A good beginning program should consist of movements from all three of these modalities. It should be designed around the following parameters:
• Low technical skill requirement
• Minimal coaching requirement
• Simple, easy to follow
• Accessible for beginners
• Ability to progress to more advanced Crossfit programs
• Be able to fit in any schedule
You need to be able to master the basic functional movements like the squat, deadlift, overhead press, and running. The squat is a body-weight air squat, not a back squat. Master these foundational skills before you could move on to the progressions of these movements. But learn the foundations first, and then everything else will come easy. The great thing about Crossfit is that it is a free resource online and it’s free! That’s how I learned everything, I was self taught. I spent countless hours watching and studying videos on www.crossfit.com. I learned how to do kipping pull ups, deadlifts, and the Olympic lifts from reading articles and watching videos online for free. I suggest you do the same.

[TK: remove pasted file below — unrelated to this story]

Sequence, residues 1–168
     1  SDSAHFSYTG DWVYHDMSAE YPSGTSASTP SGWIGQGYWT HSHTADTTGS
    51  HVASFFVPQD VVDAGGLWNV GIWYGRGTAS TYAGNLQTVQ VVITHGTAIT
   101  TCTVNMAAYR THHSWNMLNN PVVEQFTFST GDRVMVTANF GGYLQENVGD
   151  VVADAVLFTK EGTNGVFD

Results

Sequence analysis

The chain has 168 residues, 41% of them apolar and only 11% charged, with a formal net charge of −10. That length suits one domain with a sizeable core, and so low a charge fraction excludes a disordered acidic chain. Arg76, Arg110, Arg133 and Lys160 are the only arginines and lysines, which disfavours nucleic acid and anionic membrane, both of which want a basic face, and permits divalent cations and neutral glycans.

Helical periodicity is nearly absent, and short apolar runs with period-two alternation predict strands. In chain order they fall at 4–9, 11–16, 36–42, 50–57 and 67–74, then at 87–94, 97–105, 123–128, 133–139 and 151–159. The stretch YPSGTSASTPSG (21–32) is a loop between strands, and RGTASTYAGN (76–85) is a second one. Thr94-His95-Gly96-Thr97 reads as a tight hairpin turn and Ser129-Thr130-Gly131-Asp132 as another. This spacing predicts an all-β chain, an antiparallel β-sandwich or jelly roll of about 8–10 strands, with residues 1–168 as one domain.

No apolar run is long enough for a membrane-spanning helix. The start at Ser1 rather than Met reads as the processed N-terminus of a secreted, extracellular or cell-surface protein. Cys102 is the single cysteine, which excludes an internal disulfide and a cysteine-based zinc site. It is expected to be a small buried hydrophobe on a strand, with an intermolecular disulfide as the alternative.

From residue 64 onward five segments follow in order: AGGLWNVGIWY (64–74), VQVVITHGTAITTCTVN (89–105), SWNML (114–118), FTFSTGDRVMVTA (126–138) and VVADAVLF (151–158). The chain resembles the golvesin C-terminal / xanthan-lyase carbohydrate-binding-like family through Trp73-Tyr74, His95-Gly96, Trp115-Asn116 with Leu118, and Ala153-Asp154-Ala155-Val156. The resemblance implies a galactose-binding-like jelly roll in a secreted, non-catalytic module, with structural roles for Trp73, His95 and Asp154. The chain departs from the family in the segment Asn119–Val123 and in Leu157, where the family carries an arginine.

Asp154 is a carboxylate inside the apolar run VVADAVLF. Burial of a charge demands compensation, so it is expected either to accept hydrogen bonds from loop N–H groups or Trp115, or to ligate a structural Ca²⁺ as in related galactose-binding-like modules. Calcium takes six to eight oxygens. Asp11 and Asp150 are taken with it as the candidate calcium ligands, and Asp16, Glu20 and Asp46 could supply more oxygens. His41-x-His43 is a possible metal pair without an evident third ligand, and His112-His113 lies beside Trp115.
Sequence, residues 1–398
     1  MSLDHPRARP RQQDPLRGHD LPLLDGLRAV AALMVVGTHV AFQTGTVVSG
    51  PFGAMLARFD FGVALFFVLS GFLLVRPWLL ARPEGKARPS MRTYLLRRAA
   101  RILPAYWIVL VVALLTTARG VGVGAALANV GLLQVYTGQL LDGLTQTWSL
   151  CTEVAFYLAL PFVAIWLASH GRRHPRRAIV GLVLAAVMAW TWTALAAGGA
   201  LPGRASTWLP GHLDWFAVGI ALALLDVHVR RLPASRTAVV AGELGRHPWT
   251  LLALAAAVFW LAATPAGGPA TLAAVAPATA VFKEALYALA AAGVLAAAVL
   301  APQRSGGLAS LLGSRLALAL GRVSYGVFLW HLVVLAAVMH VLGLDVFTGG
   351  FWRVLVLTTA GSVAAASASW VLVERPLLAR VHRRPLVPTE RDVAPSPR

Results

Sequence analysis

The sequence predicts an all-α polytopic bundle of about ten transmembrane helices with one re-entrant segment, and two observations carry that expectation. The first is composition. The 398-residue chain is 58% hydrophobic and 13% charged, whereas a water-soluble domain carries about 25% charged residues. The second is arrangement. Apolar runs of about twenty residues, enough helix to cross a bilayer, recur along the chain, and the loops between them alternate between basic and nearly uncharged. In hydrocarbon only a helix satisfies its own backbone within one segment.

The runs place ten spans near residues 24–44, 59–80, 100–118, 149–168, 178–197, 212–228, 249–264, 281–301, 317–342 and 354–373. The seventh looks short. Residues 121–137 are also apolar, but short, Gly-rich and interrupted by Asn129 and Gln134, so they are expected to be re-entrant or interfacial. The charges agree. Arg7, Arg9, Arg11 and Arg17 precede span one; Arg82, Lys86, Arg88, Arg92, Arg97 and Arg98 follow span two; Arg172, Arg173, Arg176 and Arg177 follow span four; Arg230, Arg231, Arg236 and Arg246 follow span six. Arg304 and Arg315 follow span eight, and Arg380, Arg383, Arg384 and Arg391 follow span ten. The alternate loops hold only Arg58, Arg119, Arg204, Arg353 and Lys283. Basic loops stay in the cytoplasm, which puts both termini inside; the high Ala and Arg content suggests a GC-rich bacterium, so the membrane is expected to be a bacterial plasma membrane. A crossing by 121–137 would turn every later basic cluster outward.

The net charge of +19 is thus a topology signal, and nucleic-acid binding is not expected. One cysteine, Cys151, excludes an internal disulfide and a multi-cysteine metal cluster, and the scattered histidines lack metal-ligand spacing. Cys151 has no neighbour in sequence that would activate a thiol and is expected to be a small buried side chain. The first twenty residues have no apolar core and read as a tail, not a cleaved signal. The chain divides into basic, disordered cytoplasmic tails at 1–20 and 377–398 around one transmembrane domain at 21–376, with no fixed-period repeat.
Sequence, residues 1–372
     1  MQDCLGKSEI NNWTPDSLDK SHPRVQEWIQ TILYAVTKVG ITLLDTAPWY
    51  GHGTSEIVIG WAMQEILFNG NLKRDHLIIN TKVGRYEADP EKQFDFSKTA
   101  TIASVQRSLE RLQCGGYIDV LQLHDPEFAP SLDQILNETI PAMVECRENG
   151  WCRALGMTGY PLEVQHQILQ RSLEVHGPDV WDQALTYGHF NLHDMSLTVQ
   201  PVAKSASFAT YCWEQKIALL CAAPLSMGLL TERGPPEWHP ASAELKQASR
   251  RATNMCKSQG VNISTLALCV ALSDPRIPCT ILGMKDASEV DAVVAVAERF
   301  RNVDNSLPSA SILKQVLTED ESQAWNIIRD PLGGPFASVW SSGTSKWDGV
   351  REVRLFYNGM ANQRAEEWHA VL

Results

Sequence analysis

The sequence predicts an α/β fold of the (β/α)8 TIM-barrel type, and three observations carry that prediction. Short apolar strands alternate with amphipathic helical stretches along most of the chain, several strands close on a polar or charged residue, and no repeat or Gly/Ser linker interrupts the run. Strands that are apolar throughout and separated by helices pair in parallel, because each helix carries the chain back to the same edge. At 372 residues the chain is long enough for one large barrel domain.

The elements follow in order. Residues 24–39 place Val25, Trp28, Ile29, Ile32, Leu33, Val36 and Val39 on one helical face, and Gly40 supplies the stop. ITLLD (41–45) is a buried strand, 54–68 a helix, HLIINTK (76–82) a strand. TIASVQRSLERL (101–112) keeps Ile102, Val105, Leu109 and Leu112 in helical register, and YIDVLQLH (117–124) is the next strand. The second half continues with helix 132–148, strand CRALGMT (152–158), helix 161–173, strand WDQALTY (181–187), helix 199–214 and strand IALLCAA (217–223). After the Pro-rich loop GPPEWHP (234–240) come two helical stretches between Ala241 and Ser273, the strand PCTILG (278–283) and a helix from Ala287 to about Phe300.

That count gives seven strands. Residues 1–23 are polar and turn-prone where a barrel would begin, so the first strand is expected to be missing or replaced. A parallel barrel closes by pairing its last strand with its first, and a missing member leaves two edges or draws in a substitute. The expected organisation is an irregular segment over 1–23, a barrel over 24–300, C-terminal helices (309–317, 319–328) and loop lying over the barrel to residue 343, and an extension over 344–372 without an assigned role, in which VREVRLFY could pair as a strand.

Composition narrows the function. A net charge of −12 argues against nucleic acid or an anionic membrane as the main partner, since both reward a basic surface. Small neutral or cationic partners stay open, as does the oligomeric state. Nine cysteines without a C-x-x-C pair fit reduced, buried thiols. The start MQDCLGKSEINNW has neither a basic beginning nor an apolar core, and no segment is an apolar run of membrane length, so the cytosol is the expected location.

Here are some guidelines to keep in mind before starting this program. Start with the greatest weight in which you are still able to properly execute the movements. This is a 4 day per week workout program and each workout should not take longer than 30 minutes to complete. Try to increase your load by 5lbs per week on the deadlift and presses, only increase loads when the last workout was completed successfully. Increase your squats to 18 on week three and to 21 on week four. The intensity and volume will gradually increase each week to build work capacity.
The great thing about Crossfit is that it is universally scalable being able to accommodate everyone from moms to be, grandfathers, to professional athletes. The idea is to scale intensity, load, and volume to fit any fitness level. Movements should not change but can also be modified to make it easier or harder. Here is a video explaining how to modify the push up from a beginner level to a more difficult progression.